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Why Visit Thessaloniki?

5 Places to explore in one of the cultural epicentres of Greece

Lefkos Pyrgos (above). This is literally translated to 'The White Tower.'   

Thessaloniki is one of Greece's cultural epicentres. Located in the North of Greece's mainland, this vibrant city is a perfect blend of tourism and authentic local life. My family and I are from there, so it gives me great pleasure to share my love for this place with you. 

If you have a keen eye for Greek culture, history, and a love of the Greek people, Thessaloniki is not one to disappoint. There are so many things to do! Starting with:

1. The Promenade

The Umbrellas Sculpture has been on the promenade since 1997

There is a reason Thessaloniki was declared Europe's cultural capital in 1997. The promenade is one of the most iconic features of Greece. Stretching out across the city's shores, the promenade is home to iconic architectural pieces and exciting activities. 

The Umbrellas Sculpture (above), created by George Zongolopoulos, was added to the promenade in 1997. They have been there ever since, and are a perfect addition to Thessaloniki's natural beauty.

When my sister and I were younger, our grandmother would bring us here every summer to enjoy a long walk, followed by ride on a horse and carriage. This activity is still held in the summer months. We would sing songs, as the warm evening breeze carried the scent of freshly roasted corn on the cob, cotton candy, and the sound of traditional Greek music. Yes, there are stalls selling all of the above on the promenade! 

You can also enjoy a ride in a boat along the sea, which turns into a floating bar at night. If you're lucky, the horizon will be clear enough to see Mount Olympus in the distance. 

2. Lefkos Pyrgos (The White Tower)

The White Tower is located on Thessaloniki's promenade 

Lefkos Pyrgos is literally translated as "The White Tower." It has a great deal of history behind it, but perhaps not as pleasant as one would think. 

The White Tower was once a prison when Thessaloniki was under Ottoman rule. Executions were carried out there, staining the tower red with the blood of the prisoners. It was known as 'The Red Tower' or 'The Tower of Blood' until 1912, when Thessaloniki was freed from the Ottoman Empire.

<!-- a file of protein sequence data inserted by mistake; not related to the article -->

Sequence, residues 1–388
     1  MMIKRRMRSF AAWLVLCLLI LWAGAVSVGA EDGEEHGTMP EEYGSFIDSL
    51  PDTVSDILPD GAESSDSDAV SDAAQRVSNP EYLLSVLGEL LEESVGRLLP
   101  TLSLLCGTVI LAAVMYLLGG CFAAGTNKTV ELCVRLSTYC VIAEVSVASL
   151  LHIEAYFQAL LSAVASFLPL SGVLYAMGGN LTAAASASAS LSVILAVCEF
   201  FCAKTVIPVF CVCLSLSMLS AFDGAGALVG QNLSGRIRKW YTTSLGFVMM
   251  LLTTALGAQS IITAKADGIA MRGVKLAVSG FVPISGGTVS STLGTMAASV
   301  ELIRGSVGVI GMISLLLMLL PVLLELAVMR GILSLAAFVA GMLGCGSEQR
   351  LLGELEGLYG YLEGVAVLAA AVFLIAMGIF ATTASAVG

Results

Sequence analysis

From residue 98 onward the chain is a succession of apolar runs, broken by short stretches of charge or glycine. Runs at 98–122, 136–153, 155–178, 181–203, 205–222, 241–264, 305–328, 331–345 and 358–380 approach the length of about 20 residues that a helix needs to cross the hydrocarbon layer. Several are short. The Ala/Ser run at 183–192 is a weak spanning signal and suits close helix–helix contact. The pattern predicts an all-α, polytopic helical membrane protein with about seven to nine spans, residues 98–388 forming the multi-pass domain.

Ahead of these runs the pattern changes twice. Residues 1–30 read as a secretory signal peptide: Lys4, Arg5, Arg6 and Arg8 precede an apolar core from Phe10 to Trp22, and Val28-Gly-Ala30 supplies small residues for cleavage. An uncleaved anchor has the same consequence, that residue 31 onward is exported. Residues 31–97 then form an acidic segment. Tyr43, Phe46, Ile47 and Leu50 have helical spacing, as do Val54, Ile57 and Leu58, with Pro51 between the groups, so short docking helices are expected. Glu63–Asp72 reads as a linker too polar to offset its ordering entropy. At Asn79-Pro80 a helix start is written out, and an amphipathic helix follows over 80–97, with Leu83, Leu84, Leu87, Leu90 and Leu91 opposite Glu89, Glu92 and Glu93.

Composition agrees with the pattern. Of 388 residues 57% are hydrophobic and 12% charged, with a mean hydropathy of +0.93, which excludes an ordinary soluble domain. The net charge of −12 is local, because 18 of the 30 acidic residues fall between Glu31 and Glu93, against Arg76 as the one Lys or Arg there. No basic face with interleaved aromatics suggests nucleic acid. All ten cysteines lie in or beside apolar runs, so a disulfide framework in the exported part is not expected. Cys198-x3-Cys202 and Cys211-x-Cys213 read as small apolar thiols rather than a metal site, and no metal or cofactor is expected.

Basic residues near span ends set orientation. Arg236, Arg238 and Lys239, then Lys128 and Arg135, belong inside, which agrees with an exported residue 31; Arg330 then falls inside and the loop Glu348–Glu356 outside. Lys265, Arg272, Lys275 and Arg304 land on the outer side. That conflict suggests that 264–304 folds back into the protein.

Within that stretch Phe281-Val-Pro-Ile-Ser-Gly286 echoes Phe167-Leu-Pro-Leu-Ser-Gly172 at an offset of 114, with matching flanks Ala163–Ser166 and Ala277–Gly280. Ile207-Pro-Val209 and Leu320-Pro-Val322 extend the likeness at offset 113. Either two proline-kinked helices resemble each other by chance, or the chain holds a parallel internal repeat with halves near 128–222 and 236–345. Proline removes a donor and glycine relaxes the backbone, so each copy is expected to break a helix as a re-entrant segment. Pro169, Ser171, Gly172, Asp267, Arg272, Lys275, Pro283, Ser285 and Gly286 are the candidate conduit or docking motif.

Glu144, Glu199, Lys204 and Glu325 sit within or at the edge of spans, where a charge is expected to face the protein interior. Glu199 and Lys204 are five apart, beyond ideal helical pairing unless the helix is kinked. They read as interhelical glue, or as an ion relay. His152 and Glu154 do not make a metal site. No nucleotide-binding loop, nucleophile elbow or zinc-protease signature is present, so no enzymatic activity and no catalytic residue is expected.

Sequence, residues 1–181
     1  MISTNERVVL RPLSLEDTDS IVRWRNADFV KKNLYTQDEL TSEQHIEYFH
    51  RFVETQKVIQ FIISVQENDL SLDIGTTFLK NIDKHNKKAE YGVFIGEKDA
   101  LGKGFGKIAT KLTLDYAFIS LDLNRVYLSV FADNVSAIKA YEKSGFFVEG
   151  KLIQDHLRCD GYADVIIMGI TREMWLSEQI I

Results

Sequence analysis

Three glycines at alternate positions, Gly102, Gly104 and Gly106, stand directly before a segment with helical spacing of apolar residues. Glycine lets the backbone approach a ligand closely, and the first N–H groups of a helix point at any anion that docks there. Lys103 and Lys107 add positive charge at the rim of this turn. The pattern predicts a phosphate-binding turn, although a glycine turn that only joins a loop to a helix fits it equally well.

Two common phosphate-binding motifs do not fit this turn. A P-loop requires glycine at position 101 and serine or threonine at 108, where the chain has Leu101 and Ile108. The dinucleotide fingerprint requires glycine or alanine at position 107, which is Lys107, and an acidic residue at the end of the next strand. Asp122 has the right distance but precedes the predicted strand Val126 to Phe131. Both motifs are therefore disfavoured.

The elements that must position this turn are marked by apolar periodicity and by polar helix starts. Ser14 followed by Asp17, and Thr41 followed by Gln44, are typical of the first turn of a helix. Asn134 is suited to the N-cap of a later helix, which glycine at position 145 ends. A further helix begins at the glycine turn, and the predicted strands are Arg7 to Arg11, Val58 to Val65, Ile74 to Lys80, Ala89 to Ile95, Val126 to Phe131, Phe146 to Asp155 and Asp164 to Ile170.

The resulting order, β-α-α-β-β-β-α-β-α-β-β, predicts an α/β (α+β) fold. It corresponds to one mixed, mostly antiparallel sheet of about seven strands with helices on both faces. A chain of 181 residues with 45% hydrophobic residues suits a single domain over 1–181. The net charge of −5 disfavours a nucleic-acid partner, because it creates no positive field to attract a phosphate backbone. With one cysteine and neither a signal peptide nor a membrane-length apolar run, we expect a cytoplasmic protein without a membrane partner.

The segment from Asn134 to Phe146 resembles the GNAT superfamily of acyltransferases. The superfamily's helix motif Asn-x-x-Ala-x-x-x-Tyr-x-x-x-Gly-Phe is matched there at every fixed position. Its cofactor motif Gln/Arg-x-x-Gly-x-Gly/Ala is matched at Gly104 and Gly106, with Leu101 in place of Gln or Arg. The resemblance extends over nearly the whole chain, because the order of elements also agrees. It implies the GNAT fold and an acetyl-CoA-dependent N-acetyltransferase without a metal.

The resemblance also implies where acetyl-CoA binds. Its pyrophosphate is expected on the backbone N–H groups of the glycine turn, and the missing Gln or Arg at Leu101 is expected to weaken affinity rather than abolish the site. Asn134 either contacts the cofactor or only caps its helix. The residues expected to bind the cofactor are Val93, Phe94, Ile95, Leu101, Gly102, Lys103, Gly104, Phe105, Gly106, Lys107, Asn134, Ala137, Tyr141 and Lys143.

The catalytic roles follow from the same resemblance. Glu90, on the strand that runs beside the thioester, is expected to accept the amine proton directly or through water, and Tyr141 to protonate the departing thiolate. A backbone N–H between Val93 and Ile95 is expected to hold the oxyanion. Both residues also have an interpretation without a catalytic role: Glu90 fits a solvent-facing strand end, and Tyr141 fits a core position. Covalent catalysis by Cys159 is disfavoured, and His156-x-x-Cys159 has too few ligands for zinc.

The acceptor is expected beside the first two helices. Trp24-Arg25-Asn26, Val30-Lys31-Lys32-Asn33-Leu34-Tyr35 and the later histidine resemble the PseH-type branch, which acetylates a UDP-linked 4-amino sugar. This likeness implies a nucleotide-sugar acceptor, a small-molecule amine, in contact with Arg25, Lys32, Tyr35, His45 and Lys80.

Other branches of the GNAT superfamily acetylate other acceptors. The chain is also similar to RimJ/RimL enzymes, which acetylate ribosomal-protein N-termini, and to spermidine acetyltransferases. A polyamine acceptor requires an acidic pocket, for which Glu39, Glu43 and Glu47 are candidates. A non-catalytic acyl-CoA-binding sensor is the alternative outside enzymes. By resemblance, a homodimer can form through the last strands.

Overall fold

The tower was then painted white to represent the cleansing of the blood, hence its current name. 

Now, you can experience beautiful views of the city by visiting the top of the tower. I have been on top of the tower myself. It is truly breath-taking!

3. Ano Poli (The Upper Town)

Magnificent views of the city below, with Mount Olympus on the horizon

Ano Poli, literally translated as "The Upper Town," has kept its fully traditional Greek flare. It is the perfect place to experience local life, and is often referred to as the "second city" of Thessaloniki. The wall you can see in the picture above was a Byzantine fort. It is known as the Eptapyrgio, meaning "The Seven Towers."  

Its narrow streets are charismatic and full of life, and its views are like no other. 

One particular restaurant called Castra sits on the hill. You can enjoy a coffee and dessert with Thessaloniki at your feet. My family and I make sure to visit this restaurant every time we're in Thessaloniki. It's a must!

Café Ouzeri in one of Ano Poli's colourful streets (left) and Castra (right). 

4. Aristotle Square

Aristotle Square 

Aristotle Square is named after the great philosopher and scholar Aristotle. 

This place is the heart of Thessaloniki. A plethora of high street shops, bars, and restaurants are at your disposal. If you're a shopper, this is the place for you! 

My sister and I still spend hours here in the summer. Entertainers are dotted about the square too, playing music amongst a flurry of pigeons and excitable children. 

5. Modiano Market

Some of the many stalls in Modiano Market

Think of something you want to buy for a good price. Got it? Modiano Market has it.

From fresh food to clothes, Modiano Market is the perfect place to have the local Greek shopping experience. 

It's truly a sensory overload, the smell of fresh fruit, vegetables, fish and meats. People greeting each other and haggling for prices. An abundance of clothes, shoes and souvenirs on display.  

My grandma and I would mainly come here for the food. We would get fresh fish and vegetables to make one of our favourite dishes... fish soup! 

Thessaloniki is truly one of the many wonderful cities in the world that never fails to amaze. Whether you've visited Thessaloniki before, have never been, or are thinking about it, I hope this read was enjoyable for you! 

Why not visit Thessaloniki?

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Why Visit Thessaloniki?
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